The invention further consists in the novel construction, combination and arrangement of parts and steps performed as hereinafter described and shown in the accompanying drawing.
In the drawing:'
Fig. 1 is a diagrammatic view of the apparatus for carrying out the complete process, and V I Fig. 2 is an enlarged detail of the continuous feeder.
Referring now with particularity to the embodiment illustrated in the combined diagrammatic showing of the apparatus and'the flow sheet, I provide a reaction kettle of any desired type into which acetylene from a suitable source is introduced through valved connections 3 into the bottom thereof. Spent liquor is periodically removed through the connection 4 as desired.
As it is frequently necessary to add steam for supplying the necessary heat of reaction or additionalwater to maintain the proper dilution, a 5 source of the former is indicated at 5 and the latter at 6. i
As the reaction proceeds, it will be found necessary tofadd to the reaction kettle sulphuric acid, manganese dioxide and a catalyst such as mer- 9o cury, or a' compound thereof, and this may be done by providing a tank ,7 above the reaction made of steel and rubber lined to prevent corrosion. Suspension within the tank is maintained by means of an agitator having a shaft 8 penetrating the wall of the tank '7 and terminating in a propeller 9, driven by means of the pulley 10 from any desired source. It is preferable that the shaft 8 be maintained at an angle to the bottom ofthe tank 7 in order to cause a perceptible sweep across the bottom thereof as this will tend to prevent the settling out of the solid reactants.
The material charged into the tank 1 may, for example, comprise a mixture containing manganese dioxide, 60 sulphuric acid and mercury which is fed into the reaction kettle through the tube 11, the top of which penetrates the bottom of the tank '7. The lower end of the tube 11 terminates in a calibrated tip 12 contained within a 1 transparent vessel 13 which is closed by a stopper 14 so that the feed may be watched. A vent 15 is located between the tip 12 and the tank '7 and provided with a valve, the feed tube 11 being likewise provided with a valve 16 above the vent 15, all for a purpose to be more fully described hereinafter. The vessel 13 terminates in a tube 1'7 suitably secured into the top of the reaction chamber 1 to drop the contents of the tank '7 into the kettle. The offtake for gaseous reaction products from the kettle 1 is shown at 18, which offtake is tapped as at 19 to connect with a tube 20 extending from above the top of the tank 7 to a point near the bottom thereof and is suitably valved as at 21 and 22. It is desirable that the difference in level between the bottom of tube 20 and the connection at 19 be such that under a maximum decrease in pressure in tube 18, the liquid mixture in tank 7 will not be forced into tube 19.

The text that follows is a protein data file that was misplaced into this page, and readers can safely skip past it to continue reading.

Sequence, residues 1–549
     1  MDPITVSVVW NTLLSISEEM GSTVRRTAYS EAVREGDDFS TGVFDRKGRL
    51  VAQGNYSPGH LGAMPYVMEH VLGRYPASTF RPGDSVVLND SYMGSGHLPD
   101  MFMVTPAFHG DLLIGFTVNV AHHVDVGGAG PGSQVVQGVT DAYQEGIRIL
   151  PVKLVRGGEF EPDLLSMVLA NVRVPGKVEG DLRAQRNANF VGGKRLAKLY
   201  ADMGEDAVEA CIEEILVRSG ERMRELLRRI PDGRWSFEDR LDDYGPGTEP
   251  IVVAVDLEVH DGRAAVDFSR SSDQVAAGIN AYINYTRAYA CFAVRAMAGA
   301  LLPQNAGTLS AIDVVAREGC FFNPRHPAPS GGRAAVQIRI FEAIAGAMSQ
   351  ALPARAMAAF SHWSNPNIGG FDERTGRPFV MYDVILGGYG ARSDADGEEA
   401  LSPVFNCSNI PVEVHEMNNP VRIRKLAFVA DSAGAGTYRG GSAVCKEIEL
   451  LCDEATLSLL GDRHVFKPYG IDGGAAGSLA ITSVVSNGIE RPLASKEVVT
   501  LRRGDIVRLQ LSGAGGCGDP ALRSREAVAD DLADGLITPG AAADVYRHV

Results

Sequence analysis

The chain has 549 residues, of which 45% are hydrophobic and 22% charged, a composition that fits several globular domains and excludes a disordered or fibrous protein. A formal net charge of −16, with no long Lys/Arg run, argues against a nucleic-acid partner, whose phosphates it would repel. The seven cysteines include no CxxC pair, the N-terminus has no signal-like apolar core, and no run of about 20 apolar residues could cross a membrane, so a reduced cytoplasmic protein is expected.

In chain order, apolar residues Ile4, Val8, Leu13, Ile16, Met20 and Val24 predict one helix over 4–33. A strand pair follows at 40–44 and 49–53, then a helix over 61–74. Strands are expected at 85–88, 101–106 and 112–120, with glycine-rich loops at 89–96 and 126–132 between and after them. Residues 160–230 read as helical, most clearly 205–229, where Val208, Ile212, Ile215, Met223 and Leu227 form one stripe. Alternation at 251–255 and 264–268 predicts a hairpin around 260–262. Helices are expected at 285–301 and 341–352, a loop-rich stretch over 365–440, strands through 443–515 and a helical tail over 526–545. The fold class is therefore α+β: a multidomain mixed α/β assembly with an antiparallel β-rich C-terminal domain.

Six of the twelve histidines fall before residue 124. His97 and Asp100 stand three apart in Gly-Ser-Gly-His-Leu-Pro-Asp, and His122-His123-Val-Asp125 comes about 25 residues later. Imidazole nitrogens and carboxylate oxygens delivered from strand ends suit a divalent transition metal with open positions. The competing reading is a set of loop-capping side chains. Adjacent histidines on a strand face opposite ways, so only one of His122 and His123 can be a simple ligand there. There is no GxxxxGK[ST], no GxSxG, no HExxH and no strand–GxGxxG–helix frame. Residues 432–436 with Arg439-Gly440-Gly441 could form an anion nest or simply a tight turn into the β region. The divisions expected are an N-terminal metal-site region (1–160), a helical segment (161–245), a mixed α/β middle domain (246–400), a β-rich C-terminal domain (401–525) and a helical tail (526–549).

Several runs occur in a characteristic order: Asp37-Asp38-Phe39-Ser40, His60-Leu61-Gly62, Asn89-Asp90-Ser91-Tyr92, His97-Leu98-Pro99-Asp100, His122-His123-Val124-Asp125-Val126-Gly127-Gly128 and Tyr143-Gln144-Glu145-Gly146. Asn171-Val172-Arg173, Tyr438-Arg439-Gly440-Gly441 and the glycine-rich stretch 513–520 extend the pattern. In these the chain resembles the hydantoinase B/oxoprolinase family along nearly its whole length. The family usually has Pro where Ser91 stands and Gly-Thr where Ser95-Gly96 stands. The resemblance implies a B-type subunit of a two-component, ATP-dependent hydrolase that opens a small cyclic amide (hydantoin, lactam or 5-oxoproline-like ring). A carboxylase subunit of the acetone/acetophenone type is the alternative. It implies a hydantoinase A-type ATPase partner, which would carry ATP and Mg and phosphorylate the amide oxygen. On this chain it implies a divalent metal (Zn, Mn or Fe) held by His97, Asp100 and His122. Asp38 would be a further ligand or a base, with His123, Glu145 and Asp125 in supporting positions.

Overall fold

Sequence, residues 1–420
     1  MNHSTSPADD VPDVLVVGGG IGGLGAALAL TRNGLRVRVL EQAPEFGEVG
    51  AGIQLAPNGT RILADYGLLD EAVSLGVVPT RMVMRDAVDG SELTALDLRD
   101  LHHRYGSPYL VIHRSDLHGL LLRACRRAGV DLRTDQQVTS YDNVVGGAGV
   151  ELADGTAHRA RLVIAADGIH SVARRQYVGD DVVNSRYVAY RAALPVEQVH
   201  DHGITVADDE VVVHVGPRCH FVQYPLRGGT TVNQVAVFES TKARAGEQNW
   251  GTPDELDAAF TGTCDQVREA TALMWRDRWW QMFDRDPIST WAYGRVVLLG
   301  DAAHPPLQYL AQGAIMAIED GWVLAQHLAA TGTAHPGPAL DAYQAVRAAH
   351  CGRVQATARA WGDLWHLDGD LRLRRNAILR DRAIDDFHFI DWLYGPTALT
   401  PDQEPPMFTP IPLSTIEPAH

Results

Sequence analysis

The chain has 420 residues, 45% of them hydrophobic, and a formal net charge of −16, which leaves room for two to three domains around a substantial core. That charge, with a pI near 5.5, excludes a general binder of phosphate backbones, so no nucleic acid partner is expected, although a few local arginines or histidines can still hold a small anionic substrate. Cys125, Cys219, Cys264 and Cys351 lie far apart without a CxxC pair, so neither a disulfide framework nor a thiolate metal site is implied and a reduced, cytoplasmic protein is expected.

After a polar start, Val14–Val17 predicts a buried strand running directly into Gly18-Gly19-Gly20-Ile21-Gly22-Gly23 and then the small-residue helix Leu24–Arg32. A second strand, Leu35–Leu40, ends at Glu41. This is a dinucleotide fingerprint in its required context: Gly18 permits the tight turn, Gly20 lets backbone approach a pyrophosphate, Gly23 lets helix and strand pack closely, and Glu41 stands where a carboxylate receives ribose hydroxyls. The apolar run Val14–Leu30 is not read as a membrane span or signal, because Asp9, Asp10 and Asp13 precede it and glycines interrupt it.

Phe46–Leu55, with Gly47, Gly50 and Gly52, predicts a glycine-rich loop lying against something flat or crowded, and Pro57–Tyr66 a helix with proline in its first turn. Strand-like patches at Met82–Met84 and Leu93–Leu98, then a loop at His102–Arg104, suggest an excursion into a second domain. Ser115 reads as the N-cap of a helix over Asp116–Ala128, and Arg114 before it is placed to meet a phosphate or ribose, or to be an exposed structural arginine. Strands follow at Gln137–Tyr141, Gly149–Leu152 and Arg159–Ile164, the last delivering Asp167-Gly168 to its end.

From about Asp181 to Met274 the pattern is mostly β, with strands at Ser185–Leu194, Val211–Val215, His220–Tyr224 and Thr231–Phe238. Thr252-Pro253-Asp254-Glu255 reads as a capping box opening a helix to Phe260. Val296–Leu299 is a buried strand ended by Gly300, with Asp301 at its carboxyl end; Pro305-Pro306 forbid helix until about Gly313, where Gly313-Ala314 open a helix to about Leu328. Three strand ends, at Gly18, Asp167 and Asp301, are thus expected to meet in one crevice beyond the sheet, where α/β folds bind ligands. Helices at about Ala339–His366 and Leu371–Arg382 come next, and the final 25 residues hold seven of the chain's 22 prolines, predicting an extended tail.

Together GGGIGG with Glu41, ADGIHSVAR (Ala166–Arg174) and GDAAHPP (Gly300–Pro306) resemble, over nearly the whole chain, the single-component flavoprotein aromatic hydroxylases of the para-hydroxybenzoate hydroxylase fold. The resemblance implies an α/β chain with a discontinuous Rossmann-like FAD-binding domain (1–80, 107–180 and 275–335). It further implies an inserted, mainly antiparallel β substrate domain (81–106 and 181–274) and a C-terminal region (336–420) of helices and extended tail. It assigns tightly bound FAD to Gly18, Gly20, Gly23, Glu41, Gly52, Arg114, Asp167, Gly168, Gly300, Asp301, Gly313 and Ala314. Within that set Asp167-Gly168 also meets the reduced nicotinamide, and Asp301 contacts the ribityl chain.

With the mechanism thus described it will be seen that the delivery of mixture takes place under constant pressure represented by the difference in levels between the bottom of the tube 20 and the bottom of the calibrated tip 12. This difference is constant for any given setting and is necessarily independent of the level of the mixture in the tank or of fluctuation in kettle pressure. As the material flows from the tank 7 through the calibrated tip 12 into the kettle 1 the vacuum above the liquid level in the tank is relieved through the tube 19, to Wit: by atmosphere from the kettle itself.